The Dr. is in????


“Many of the most unbalanced people I have ever met are those who have devoted themselves to healthy eating.”
                        – Dr. Steven Bratman

I got my phD before enrolling in the Google University continuing education program. If there were a “Hello, I am Dr. K, and I am a google-holic” group, I’d have to join up. I can’t go two days…one day? 12 hours? without googling or searching up something. I fixate on information, searching or researching for info, in order to equip me to make the “best decisions.”

A lot of the time, such fixations are about “health” food, exercise, wellbeing. Yep, confession time…I may be a wee bit obsessed with being “healthy.”

I am a label lover (is there HFCS in here?) a mile manager, a power-of-now priestess. I am flax follower, a green guru, an activity addict. I am a resveratol reveler, a yoga yeti, and a library lingerer.

All in the name of living a healthy “balanced” life…and for the most part, I lead an enriched existence. The problem arises when I feel GUILTY when I fall short of “health perfection.” 

I think we need to be aware of when our pursuits for health detract from our sense of self-worth…when we start defining our “goodness” by health behaviors. Dr. Steven Bratman warms that the desire to overcome chronic illness or to improve general health, can sometimes led to a disorder of “orthexia:” a health obsession that is “unhealthy.” It depends on an iron will to change habits ingrained in childhood and reinforced by a fast-food-driven culture, but is overly rigid and inflexible.

One study on food preoccupation showed that people with no disorder spend 15-20 percent of their day thinking about food, while dieters, 20-65 percent; people with bulimia, 70-90%; and those who struggle with anorexia, 90-110 percent (Healthy Weight Journal, 1998).

Bratman warns on his website that the motivation behind the disorder “is a health food theory, such as rawfoodism, macrobiotics, veganism (and) that, in most cases, the underlying diet is reasonably healthy (if unreasonably specific). It’s in the obsessive approach to diet taken by an orthorexic that the disorder lies.”   

More information about this intriguing disorder is available at, and Bratman has written a book on the subject, Health Food Junkies: Orthorexia Nervosa – the Health Food Eating Disorder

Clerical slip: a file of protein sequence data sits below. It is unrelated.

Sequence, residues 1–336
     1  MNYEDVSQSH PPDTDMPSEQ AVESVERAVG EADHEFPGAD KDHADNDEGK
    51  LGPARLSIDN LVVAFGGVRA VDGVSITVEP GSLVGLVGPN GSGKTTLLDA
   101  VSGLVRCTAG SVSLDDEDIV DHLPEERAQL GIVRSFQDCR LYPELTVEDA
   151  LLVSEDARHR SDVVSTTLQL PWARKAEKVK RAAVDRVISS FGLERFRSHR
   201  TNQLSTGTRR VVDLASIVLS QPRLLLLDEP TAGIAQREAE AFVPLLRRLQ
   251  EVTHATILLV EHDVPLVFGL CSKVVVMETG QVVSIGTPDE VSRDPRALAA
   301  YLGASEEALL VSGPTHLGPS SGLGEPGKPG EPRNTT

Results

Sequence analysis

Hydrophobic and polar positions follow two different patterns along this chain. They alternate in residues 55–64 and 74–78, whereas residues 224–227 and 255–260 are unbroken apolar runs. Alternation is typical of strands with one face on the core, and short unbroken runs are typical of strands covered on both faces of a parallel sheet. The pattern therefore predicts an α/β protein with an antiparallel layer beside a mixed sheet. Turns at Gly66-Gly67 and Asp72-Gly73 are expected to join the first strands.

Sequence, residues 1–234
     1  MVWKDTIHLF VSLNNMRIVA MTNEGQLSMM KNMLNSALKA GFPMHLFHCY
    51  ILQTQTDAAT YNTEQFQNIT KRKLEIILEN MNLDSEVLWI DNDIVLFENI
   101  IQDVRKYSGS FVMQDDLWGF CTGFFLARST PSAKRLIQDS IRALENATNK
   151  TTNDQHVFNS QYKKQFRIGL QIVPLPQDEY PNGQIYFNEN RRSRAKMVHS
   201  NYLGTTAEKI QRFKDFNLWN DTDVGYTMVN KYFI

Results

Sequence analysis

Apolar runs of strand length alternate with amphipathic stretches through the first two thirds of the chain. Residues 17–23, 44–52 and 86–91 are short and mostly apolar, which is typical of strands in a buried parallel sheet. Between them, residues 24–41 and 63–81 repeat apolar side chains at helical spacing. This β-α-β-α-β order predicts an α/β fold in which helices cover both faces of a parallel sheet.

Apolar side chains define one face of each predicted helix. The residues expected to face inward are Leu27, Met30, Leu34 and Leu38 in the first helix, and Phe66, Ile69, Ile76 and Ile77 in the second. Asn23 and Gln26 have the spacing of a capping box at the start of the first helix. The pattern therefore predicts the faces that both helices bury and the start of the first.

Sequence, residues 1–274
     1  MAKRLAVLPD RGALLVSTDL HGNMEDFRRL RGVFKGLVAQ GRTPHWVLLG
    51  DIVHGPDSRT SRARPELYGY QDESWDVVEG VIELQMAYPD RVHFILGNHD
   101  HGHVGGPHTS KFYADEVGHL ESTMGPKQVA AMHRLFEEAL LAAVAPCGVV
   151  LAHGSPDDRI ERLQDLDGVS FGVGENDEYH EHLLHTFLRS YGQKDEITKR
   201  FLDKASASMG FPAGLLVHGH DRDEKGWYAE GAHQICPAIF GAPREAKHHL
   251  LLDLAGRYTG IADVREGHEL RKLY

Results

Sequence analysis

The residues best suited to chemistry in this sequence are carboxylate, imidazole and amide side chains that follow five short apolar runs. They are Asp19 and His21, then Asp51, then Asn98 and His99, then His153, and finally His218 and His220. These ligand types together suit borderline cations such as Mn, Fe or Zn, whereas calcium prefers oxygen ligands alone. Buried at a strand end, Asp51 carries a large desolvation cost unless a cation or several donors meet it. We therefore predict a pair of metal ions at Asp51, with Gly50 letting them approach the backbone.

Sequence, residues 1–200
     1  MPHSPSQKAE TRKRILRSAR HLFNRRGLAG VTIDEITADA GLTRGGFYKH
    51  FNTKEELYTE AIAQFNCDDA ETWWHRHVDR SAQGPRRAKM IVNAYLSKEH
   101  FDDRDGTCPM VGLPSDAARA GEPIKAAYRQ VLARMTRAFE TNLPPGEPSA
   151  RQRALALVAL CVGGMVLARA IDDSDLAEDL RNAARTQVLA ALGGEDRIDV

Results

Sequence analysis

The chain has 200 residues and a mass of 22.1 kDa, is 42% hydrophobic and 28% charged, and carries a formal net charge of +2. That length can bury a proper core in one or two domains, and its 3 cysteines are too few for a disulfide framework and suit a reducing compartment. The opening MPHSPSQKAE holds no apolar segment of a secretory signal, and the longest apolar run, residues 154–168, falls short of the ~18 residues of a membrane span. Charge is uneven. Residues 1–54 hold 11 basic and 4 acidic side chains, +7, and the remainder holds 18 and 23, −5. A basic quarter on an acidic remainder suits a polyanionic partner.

What happens to you when you don’t meet you own high standards of health? Are you a perefectionist? Do you call yourself “weak” or “bad” or “unbalanced” Do you then put yourself on a newly revised, and stricter, “health plan?”

Share your thoughts here by Monday and email this post to a friend be entered to win Dr. Kracker Cherry Seminola!


12 thoughts on “The Dr. is in????

  1. i am SUCH a perfectionist / type A it isn’t even funny. i tend to get caught up in having everything right and “just so”. in everything: school, running, fueling, working. luckily i have really great friends who knock me on my ass and put life in perspective 🙂

  2. i definitely hold myself to high standards, but not necessarily with respect to health. more with . . . work, running, following through with what i’ve planned, etc.

    i’m curious about the 110% figure noted in the anorexic group! was that because their dreams were about food as well?

  3. I try really hard to just live moment by moment. I used to beat myself up by exercising a lot or eating less days after I ate “too much”, but now I’ve noticed that if I eat “too much” one day, I automatically have less of an appetite the next day. I try not to think about it, and eat like I did when I was a kid.
    Those statistics were very interesting, and so sad. I can’t imagine thinking about food 100% of the day, but I guess when I was anorexic (in high school and parts of college) I was in that category. Sad.

  4. i hold myself to high standards but i think its a good thing (for me). i think it can become overbearing.

    and honestly, i think most americans need to think about it a little bit more — or a LOT MORE.

    i worry too much about getting sick though! like mysterious cancers.

    • You’re right…most Americans say “I shouldn’t” eat this or “I should go to the gym,” but then have too much to deal with in their day to change habits. Isn’t it funny that Americans want a ONE method, sure-fire approach to “health”… we can generalize advice to us sometimes that is not the best. Some of us need to hear “relax and live a little” and some of us need to hear “you need to be more aware of your health”